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Vineyard monitoring goes high tech

GPS (global positioning system) and GIS (geographical imaging system) aren’t just for techies anymore


April 1, 2008
By Marg Land


Topics

GPS (global positioning system) and GIS (geographical imaging system) aren’t just for techies anymore.

wind_machine_5
One of several wind machines erected at Henry of Pelham Family Estate Winery. 

GPS (global positioning system) and GIS (geographical imaging system) aren’t just for techies anymore.

Kevin Ker and Ryan Brewster of Ker Crop Management Services Inc. (KCMS) have been applying the two technologies to help monitor and scout five vineyards in the Niagara region since May 2005. As the GPS equipment and software have become more reasonably priced over the past few years and as management software has become more mainstream in farming systems, KCMS decided to integrate and modify field-based GPS/GIS program technology with the company’s established paper-based vineyard scouting program.

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“We were looking into the future because there’s so much paper,” said Ker. “It’s a mess.”

The first step for the consultants was creating an accurate base map of each vineyard site. Perimeter points were plotted following a standardized formula to include actual rooting zone areas of all the vines in the block. These points were then downloaded into the Farm Works – Site Pro software and lines were used to connect the different points. Once the blocks were defined, roads and laneways in the vineyards were marked in.

kevin_ker_1
Kevin Ker

“We had to work with the software, which was originally set up for field crops,” explained Brewster.

The next step was to create database templates within the Farm Works – Site Mate software that would provide drop-down, pick-list menus that included all the pests and diseases associated with grape growing. With this development, as a scout monitored a vineyard, he or she could use a handheld GPS receiver to log a location in the field, choose a grape pest or disease plus the appropriate degree of incidence related to the pest.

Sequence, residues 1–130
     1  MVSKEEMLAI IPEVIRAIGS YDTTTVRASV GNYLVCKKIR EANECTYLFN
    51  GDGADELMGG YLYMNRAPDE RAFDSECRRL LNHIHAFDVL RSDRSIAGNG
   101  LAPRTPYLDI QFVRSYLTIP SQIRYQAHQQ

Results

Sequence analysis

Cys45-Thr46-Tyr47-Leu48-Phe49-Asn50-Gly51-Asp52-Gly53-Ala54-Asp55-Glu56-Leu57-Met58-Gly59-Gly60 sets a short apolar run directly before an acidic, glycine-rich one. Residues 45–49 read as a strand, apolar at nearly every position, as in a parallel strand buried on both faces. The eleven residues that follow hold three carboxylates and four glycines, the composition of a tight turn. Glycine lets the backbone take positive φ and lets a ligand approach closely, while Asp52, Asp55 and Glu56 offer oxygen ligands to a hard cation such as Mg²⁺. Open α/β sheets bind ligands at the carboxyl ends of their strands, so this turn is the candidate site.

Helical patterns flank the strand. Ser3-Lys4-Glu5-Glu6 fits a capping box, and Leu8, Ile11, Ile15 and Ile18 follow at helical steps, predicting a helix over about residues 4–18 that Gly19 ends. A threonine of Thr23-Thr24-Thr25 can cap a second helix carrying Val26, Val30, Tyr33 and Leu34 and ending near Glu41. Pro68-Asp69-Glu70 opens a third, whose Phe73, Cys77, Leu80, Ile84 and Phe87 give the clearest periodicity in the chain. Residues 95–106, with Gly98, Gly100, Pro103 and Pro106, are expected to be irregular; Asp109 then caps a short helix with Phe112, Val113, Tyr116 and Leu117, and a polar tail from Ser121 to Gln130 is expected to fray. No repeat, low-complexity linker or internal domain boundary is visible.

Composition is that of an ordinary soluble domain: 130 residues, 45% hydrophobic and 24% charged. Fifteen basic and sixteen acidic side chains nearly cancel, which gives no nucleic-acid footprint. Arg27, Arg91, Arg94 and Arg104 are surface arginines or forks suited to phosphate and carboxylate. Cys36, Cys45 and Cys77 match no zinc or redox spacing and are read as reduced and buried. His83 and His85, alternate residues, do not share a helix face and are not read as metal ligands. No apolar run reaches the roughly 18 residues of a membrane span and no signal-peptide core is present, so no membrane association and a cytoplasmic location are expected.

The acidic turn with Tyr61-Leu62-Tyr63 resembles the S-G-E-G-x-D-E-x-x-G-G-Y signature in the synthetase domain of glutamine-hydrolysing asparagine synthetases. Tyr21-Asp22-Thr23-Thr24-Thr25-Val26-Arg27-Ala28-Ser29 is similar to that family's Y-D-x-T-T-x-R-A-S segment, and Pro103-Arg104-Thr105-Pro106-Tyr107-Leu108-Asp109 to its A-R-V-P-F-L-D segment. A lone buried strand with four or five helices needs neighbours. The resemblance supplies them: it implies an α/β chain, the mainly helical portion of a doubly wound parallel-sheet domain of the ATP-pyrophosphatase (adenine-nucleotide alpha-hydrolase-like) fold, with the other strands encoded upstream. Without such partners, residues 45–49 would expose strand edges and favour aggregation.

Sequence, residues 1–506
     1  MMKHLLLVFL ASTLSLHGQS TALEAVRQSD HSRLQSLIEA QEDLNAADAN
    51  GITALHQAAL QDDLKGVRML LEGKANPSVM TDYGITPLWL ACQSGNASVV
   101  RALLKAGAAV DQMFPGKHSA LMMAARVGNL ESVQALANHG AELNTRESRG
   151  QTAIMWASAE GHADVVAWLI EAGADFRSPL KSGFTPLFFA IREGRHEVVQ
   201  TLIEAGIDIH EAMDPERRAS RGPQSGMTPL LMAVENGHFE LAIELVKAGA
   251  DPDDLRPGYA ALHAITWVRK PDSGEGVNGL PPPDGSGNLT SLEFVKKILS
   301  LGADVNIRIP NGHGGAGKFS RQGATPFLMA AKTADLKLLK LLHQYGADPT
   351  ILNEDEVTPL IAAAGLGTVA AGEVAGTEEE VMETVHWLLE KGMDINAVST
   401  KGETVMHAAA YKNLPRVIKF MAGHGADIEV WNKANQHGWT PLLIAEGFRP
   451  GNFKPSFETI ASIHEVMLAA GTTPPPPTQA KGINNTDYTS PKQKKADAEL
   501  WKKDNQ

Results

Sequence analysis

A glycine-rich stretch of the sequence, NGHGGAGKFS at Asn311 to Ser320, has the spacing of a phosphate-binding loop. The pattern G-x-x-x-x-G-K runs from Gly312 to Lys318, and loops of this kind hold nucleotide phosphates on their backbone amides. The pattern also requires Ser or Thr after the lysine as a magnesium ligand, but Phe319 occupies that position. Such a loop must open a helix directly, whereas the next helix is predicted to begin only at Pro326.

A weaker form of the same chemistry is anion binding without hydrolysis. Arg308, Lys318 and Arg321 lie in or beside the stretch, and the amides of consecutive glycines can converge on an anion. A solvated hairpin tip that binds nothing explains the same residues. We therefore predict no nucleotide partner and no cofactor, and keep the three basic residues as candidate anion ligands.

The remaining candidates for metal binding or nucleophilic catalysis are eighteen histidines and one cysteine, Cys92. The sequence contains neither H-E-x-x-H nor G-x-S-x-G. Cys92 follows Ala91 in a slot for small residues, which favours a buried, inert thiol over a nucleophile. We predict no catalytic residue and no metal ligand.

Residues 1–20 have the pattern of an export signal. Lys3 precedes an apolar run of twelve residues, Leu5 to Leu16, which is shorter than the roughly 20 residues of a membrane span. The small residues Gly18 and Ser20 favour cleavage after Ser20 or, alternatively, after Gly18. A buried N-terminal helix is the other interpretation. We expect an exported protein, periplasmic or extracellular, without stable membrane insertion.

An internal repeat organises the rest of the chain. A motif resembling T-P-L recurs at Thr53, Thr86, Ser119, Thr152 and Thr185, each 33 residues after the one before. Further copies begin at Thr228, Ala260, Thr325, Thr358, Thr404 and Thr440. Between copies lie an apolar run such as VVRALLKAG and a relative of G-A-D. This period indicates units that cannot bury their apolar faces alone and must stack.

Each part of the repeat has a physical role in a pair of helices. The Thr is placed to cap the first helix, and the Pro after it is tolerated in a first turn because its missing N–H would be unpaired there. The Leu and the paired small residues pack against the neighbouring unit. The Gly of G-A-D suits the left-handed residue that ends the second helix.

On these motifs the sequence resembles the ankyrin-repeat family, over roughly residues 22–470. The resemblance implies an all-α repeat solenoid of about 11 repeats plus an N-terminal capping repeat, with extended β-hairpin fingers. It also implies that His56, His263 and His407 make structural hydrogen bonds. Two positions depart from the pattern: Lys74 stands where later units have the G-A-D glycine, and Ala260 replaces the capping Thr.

“We can use each week of scouting as a layer and put it over the base map and use it to pinpoint problem areas in the vineyard,” explained Brewster. “We used to print up a written report that the grower then had to read through. Now we can present the data in a table form.”

ryan_brewsterpalm
Ryan Brewster

As well, the use of GPS has allowed for greater accuracy in mapping problem areas in the field. “We can go right back to the spots where we saw problems and verify that’s what we saw. And other people can come to that exact spot as well.”

This same technology and data setup can be used to monitor soil quality and fertility. A base layer map can be created using defined soil sampling zones within the vineyard. Points can be logged at each soil sample site. After analysis of the soil samples, the soil data can then be imported into the software and organized into multiple layers, displaying information such as nutrient levels, soil structure, and pH. The same can also be done to help map soil compaction problem areas using a soil compaction meter.

gpsgator
GPS receiver erected on
an off-road vehicle.

This advanced technology has also allowed KCMS to develop other services, including creating topographical maps of vineyard locations, including latitude, longitude and altitude data for each point logged in the vineyard. Based on this data, elevation and contour maps can be created using Farm Works – Site Pro software. For more sophisticated and high-detail information, the point data can also be used to create contour and wireframe maps using Surfer 8 software.

KCMS has also used its GPS and GIS technology to monitor wind machine influences. The consultants mapped three rings radiating out from each wind machine, resulting in four different sampling areas:

A. 15-110 feet from the base of the machine
B. 111-225 feet from the base of the machine
C.226-350 feet from the base of the machine
D >350 feet from the base of the machine

Five cane samples were taken from each of the four zones with a minimum of 10 non-damaged buds.

The resulting data showed the “area of influence isn’t as great as we thought,” said Brewster. “There can be dead spots in-between machines.”

In light of this, KCMS is offering its services to help vineyard owners locate their wind machines in the optimum spot for their cultivars.

Brewster said the technological advances have provided growers with even more information to help them produce quality grapes. “This is just another layer of information that you can use to make a decision,” he said.


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